Kennedy, Landrieu take their final shots in debate
By Ed Anderson
Treasurer John Kennedy and U.S. Sen. Mary Landrieu, D-La., sparred in their last debate Wednesday night with each of the U.S. Senate hopefuls defending their negative commercials that have dominated airwaves for months.
The two also jabbed at each other repeatedly during the forum, which was broadcast from WWL-TV in New Orleans and was carried live on six television stations in the state's major markets and nationally on C-SPAN2.
In response to the first question of the 60-minute debate, Kennedy said his campaign started out with positive commercials in August and blamed Landrieu for going negative first. "I had to respond," Kennedy said. "I will never say Mary Landrieu is a bad person."
He said he does not have control over ads that he did not approve or pay for and were aired by an independent party. National Republican organizations have been airing ads on Kennedy's behalf. "But I will talk about Mary's record," he said.
Landrieu shot back that she had to defend herself against the negative Kennedy ads, pointing out that Kennedy has changed his party and positions on several key issues.
"I do not believe he is unethical," she said. "I believe he has mismanaged his office," losing $37 million.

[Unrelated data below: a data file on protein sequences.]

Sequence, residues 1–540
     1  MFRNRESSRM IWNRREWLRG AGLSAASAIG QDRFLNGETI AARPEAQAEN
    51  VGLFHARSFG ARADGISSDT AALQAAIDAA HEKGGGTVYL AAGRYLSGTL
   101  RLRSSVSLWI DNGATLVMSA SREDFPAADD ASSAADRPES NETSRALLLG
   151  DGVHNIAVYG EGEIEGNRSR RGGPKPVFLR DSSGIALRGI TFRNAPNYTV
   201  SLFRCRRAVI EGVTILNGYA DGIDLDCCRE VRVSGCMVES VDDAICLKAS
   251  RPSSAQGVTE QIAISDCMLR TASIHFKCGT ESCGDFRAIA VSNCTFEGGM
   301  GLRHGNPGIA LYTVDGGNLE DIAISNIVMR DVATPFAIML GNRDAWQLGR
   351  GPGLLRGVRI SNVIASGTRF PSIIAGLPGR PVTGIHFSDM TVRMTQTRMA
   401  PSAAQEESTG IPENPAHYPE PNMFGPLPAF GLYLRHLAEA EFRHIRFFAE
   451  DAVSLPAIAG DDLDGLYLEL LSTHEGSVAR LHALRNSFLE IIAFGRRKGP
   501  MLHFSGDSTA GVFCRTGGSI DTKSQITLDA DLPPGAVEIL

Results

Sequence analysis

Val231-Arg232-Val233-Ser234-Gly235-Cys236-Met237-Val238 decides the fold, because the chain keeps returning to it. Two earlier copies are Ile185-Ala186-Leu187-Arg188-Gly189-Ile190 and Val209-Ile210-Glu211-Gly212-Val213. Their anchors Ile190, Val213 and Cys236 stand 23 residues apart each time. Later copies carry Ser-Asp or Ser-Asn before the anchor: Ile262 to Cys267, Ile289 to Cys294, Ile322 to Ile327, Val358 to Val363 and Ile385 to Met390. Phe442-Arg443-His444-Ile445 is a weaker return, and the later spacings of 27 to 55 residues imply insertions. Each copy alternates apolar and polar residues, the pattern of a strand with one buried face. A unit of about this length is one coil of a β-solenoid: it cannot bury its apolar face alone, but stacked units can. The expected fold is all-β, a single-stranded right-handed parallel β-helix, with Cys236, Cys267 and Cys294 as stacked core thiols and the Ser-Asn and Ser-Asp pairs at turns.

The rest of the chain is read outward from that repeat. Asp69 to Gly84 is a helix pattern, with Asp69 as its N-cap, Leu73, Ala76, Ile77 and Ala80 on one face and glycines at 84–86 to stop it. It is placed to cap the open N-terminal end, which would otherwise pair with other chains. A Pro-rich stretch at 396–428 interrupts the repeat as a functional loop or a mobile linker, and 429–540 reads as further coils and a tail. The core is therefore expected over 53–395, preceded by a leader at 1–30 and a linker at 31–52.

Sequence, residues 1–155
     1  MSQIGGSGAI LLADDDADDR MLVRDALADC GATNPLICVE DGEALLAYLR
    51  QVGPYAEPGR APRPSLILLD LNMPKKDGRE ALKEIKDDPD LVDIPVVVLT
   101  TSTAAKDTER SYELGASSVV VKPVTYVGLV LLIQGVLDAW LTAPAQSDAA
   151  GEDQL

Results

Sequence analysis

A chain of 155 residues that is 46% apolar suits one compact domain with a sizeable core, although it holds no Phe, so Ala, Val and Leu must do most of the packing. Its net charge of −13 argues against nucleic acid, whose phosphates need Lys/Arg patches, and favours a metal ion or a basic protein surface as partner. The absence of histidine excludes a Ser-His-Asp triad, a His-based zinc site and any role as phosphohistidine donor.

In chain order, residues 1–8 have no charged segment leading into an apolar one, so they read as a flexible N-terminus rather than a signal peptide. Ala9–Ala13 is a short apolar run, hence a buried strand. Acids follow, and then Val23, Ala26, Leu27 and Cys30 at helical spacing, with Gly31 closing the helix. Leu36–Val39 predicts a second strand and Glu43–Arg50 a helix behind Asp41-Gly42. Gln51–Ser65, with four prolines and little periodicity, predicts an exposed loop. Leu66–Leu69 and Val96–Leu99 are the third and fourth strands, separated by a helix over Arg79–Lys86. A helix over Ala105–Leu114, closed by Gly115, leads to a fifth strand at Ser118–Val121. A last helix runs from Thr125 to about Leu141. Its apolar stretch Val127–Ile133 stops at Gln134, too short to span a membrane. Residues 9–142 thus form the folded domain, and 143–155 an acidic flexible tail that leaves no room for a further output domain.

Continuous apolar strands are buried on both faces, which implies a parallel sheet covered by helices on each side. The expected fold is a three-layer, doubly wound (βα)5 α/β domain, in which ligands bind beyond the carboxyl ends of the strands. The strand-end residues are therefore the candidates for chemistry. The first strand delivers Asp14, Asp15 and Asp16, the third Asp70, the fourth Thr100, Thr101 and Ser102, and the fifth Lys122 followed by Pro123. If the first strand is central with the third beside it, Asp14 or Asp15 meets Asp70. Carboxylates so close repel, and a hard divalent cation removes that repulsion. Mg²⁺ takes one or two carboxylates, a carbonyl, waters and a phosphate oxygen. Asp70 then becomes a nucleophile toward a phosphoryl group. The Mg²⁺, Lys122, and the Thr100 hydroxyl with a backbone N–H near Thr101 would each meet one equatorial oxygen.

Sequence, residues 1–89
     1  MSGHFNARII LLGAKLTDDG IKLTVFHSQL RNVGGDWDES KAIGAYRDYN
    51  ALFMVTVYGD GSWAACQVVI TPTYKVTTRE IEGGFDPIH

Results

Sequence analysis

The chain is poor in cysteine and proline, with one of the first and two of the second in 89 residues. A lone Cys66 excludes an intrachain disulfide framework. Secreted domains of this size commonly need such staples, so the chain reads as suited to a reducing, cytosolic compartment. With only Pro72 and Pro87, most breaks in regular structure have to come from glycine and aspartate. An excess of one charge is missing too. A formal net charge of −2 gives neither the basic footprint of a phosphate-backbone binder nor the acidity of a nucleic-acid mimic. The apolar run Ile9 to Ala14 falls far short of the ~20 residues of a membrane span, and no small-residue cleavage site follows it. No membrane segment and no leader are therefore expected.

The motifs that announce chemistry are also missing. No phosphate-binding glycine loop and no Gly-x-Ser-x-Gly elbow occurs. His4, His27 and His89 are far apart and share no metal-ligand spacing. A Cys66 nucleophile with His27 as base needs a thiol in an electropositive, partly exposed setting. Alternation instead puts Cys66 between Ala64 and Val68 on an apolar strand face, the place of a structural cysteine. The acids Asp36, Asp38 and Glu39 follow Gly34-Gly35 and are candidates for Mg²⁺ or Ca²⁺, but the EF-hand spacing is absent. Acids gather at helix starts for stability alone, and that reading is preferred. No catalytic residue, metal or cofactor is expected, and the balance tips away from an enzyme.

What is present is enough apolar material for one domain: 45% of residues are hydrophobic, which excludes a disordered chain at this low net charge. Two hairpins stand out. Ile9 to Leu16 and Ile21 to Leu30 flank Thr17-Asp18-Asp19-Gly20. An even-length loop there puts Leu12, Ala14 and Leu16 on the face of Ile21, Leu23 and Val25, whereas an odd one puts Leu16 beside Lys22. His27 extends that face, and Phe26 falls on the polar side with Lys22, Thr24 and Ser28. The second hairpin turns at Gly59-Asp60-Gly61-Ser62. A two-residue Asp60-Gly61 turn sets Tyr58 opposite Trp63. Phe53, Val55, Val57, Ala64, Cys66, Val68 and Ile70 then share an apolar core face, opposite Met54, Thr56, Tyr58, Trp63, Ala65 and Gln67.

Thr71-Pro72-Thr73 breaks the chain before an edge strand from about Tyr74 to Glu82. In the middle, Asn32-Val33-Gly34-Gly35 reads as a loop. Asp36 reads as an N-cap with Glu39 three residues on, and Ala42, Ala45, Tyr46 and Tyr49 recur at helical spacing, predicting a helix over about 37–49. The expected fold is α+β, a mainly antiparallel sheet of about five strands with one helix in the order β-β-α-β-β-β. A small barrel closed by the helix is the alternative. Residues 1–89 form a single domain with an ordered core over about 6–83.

Landrieu lashed out at Kennedy for taking campaign donations from individuals who appeared before the State Bond Commission, the agency Kennedy heads as treasurer.
The sniping continued throughout the forum, with the candidates sometimes ignoring questions to respond to a previous barb or launch a new attack.
Several times moderator and Channel 4 news anchor Dennis Woltering had to ask a question again in an effort to get the candidate back on track. He also sometimes had to cut them off for going over their allotted time.
Landrieu is seeking a third term in the Senate. Kennedy, a Democrat-turned-Republican, is making his second run for the Senate. He ran in 2004 as a Democrat and finished third.
The debate was the last time the two are expected to share a podium before the Nov. 4 election.
--- 16 days, 4 debates ---